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Cancer patients with brain metastases who develop blood clots may safely receive blood thinners without increased risk of dangerous bleeding, according to a study published online today in Blood, the Journal of the American Society of Hematology (ASH). 

Cancer increases a patient’s risk of developing blood clots. When a patient with cancer develops a clot, treatment with a blood thinning medication called an anticoagulant is often added to their treatment regimen in order to prevent the potentially fatal complication of blood clots traveling to the lungs. However, if cancer spreads to the brain, anticoagulant treatment may be withheld because it could cause dangerous bleeding in the patient’s head, which is already a risk for these patients. The task of preventing dangerous blood clots and avoiding life-threatening bleeding presents a particular challenge for specialists in patients with tumor metastases in the brain. Until recently, no data had confirmed whether blood thinners could be safely administered in these patients. 

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New test may prevent invasive procedures and save lives

“The ability to test for molecular changes allows us to catch or rule out the disease earlier, without invasive procedures,” says BU School of Medicine professor Avrum Spira, who co-developed a genetic early-warning test for lung cancer. Photo by Vernon Doucette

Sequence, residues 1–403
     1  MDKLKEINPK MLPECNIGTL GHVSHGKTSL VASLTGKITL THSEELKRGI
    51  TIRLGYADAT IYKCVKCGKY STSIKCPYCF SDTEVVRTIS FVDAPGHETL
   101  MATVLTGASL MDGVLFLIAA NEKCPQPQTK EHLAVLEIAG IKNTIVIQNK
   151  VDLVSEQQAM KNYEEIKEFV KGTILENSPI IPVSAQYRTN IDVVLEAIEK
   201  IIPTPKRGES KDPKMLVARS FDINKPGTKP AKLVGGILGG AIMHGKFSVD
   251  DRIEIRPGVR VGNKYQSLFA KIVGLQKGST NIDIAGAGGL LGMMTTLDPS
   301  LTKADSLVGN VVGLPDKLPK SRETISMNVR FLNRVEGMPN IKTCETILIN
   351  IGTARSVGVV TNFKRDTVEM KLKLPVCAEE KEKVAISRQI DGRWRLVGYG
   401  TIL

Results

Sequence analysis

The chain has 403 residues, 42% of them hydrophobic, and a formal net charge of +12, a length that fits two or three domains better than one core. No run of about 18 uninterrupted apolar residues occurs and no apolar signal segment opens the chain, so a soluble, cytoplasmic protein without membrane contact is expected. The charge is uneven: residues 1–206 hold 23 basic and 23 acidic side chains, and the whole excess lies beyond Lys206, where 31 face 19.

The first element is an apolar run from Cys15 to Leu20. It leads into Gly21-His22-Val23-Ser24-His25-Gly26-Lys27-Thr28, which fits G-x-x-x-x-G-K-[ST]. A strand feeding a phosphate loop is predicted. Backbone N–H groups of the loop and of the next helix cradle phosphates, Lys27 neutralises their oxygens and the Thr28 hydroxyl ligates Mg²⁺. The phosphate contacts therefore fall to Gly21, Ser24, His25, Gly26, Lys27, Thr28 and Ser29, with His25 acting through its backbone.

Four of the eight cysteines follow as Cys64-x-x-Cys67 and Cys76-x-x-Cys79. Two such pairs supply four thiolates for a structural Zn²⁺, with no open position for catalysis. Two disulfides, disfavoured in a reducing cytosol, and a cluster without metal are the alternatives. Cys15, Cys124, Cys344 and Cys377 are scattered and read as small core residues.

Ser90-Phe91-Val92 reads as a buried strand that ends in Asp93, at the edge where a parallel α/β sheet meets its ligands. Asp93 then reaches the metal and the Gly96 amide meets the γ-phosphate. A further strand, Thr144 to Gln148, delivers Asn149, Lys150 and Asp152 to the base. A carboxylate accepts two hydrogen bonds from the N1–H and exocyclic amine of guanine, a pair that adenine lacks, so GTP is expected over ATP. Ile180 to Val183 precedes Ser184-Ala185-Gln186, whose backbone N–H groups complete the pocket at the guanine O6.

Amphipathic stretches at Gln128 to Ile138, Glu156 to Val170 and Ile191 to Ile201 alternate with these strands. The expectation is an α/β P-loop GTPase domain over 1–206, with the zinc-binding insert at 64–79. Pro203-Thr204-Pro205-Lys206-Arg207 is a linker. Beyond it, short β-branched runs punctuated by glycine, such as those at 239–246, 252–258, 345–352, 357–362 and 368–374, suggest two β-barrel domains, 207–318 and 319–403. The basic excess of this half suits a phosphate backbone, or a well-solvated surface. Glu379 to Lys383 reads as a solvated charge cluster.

Lung cancer is responsible for the most cancer deaths in the United States. According to the National Cancer Institute, it will kill an estimated 158,000 people in 2015, more than breast, prostate, and colon cancer combined. Because lung cancer grows and spreads so quickly, many healthy (and former) smokers undergo diagnostic screening CT scans of the chest, which can detect small lesions in the lungs that may be an early sign of the disease. But abnormal results often lead to painful and invasive biopsies. Now, Avrum Spira has found a better path to diagnosis.

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Use of Mi-Prostate Score would reduce unneeded biopsies

A new urine-based test improved prostate cancer detection – including detecting more aggressive forms of prostate cancer – compared to traditional models based on prostate serum antigen, or PSA, levels, a new study finds.

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Cancer patients undergoing chemotherapy should refrain from talking fish oil supplements or eating fatty fish while they are being treated with chemotherapy. A few years ago, the research group of Emile Voest from the Netherlands Cancer Institute discovered that fatty acids which are also present in fish oil can make tumors resistant to chemotherapy. The same research group now shows that these fatty acids are indeed released in the blood when people take fish oil supplements or eat certain types of fatty fish. These new results were published in the journal JAMA Oncology on April 2nd.

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When the going gets tough, grape seed extract gets going: AUniversity of Colorado Cancer Center study recently published in the journal Cancer Letters shows that the more advanced are colorectal cancer cells, the more GSE inhibits their growth and survival. On the other end of the disease spectrum, GSE leaves healthy cells alone entirely.

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